Limerick’s rich Olympic history to be celebrated at Hunt conference

Mike Dwane

Reporter:

Mike Dwane

LIMERICK’S rich Olympic lore will be celebrated as part of a conference at the Hunt Museum next month marking Shannonside’s year as European City of Sport.

LIMERICK’S rich Olympic lore will be celebrated as part of a conference at the Hunt Museum next month marking Shannonside’s year as European City of Sport.

Waterford author Kevin McCarthy - whose book ‘Gold, Silver and Green: The Irish Olympic Journey 1896-1924’ was published last year - said that “over the course of the first six modern Olympic Games, the entire nation of Germany won 11 medals and Limerick won 13”.

These were the days before independence and none of John Flanagan (Kilmallock), Paddy Leahy (Pallasgreen), Con and Pat Leahy (Cregane) or Timothy Ahearne (Athea) actually won medals for Ireland. Most, Mr McCarthy said, were won by Limerick men representing the United States. But there was no doubt about where the Olympians were bred.

“I was talking to Ronnie Long (Limerick AC) about this and Ronnie said that if you put a compass on Croom and drew a 30-mile radius around it, you would find half the Olympic medals ever won by Irish athletes. So I did that myself, and he wasn’t wrong. There’s an incredible tradition there.”

Limerick, Mr McCarthy said, was central to one of the most successful athletics clubs in history, the Irish-American Athletic Club in Queens. Three-time Olympic hammer champion John Flanagan - a native of Kilbreedy, Kilmallock, and a New York cop - was a member of this prestigious club whose athletes won 55 Olympic medals over two decades in the early 20th century.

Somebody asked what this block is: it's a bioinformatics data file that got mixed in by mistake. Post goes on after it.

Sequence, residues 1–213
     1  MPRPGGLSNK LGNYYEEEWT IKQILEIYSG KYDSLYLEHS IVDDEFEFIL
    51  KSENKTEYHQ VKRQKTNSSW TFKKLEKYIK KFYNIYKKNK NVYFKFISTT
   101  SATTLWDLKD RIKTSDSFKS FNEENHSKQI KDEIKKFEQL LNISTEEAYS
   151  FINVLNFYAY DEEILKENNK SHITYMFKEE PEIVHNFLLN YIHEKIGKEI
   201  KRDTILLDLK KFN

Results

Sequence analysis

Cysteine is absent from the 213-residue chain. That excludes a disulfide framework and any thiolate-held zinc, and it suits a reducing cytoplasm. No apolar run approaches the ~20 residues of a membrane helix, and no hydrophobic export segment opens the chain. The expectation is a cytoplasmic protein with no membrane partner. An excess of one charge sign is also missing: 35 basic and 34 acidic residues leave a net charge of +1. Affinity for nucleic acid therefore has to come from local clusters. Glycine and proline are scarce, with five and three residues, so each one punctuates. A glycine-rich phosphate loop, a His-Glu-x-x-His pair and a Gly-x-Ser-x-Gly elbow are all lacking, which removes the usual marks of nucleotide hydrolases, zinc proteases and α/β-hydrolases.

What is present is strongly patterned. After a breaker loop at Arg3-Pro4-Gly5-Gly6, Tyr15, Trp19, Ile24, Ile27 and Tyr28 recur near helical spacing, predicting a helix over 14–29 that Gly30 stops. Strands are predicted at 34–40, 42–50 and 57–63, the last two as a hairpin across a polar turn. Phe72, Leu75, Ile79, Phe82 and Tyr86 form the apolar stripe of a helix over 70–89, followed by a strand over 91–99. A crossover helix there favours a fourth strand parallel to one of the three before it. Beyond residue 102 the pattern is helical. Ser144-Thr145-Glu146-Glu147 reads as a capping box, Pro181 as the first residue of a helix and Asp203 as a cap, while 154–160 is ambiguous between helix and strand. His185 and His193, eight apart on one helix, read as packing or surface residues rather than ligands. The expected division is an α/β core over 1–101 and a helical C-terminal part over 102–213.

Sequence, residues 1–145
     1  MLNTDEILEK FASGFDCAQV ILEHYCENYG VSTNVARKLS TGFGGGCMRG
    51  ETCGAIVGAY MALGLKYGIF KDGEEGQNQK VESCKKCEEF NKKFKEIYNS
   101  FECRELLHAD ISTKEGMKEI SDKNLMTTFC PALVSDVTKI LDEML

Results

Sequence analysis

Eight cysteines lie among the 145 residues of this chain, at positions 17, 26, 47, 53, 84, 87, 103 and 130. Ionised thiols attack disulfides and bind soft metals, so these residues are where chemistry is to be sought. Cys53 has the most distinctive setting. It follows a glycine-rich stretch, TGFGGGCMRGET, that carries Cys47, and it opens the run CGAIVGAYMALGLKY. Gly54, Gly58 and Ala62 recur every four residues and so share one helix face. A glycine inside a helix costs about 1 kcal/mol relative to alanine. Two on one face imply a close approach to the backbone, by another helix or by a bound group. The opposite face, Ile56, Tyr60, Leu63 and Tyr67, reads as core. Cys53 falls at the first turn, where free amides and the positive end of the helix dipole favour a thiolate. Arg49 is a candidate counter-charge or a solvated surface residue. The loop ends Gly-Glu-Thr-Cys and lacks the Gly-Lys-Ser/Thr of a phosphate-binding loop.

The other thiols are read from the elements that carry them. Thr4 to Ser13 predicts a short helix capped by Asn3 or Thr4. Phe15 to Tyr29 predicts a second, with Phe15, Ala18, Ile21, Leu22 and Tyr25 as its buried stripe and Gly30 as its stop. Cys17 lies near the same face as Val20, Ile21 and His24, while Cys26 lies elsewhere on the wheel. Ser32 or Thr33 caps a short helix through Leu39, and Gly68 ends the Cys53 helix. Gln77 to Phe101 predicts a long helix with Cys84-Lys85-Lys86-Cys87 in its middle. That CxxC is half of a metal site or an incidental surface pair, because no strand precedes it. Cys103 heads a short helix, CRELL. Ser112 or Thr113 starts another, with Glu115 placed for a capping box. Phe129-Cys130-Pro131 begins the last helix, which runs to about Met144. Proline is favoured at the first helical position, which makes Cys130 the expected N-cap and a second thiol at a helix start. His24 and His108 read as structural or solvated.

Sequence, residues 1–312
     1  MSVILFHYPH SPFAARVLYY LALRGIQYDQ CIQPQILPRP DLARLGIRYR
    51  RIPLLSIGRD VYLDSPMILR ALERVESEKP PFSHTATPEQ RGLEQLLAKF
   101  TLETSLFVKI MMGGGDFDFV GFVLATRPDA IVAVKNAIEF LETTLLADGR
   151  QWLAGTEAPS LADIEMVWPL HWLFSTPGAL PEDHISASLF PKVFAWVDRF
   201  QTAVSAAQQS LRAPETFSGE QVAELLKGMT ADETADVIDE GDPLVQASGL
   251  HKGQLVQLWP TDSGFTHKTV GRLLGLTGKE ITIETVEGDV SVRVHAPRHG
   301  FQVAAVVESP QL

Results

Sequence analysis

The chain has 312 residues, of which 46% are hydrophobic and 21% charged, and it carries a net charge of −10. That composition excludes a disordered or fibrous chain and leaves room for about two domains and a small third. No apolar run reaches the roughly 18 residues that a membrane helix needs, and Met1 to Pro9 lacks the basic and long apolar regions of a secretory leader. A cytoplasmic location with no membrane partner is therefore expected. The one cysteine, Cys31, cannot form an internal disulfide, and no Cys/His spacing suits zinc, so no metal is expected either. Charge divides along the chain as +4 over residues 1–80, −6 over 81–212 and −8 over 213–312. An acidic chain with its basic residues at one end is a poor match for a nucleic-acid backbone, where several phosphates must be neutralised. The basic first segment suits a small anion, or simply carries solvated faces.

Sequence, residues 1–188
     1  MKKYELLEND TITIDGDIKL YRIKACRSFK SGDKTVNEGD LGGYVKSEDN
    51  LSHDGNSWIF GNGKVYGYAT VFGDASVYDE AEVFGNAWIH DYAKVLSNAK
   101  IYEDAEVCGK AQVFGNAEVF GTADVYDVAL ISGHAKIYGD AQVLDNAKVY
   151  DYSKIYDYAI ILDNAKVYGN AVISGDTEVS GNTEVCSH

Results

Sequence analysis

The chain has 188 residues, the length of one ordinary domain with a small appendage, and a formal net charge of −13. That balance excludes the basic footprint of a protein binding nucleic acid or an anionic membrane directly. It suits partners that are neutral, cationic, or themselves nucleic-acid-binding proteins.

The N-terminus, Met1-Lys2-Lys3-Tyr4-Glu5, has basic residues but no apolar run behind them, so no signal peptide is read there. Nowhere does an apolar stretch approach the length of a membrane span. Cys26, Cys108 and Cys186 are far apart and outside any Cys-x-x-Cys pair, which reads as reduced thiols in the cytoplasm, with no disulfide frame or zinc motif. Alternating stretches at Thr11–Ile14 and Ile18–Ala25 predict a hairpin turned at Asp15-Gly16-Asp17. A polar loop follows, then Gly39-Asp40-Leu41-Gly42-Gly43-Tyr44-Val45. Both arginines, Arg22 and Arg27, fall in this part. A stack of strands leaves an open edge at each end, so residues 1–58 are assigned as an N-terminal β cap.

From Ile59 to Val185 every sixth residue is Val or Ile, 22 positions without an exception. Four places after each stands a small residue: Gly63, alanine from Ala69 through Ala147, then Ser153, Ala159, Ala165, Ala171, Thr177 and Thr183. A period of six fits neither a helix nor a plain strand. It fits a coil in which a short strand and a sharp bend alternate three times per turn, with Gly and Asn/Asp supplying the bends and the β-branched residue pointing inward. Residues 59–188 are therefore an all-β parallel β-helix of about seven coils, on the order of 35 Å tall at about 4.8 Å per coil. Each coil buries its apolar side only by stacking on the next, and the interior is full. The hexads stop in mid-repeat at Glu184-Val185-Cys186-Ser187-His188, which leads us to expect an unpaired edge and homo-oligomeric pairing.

“And it wasn’t just the athletes, the club officials would have had deep connections with Limerick. Mike Murphy, who trained the US Olympic team for the 1908 Games was from Limerick. And PJ Conway, who was president of the Irish-American Athletic Club, was a Limerick man as well.”

Pallasgreen’s Paddy Ryan was another extraordinary member of this club. The world hammer record he set in 1913 was unbeaten for 25 years, longer than Bob Beamon’s. Legends like Jesse Owens and Sergey Bubka are among only five athletes who have set more longlasting world records.

Watching the Limerick-Dublin hurling match in Croke Park last month, Mr McCarthy said he couldn’t help noticing the irony that Ryan O’Dwyer - who put three goals past Limerick on the day - was a grandson of Paddy Ryan’s.

The seventh annual conference of Sports History Ireland takes place at the Hunt on September 10 (9.30am to 3.30pm) with talks on everything from GAA and Munster Rugby to swimming and golf, as well as how sport interacted with politics and religion.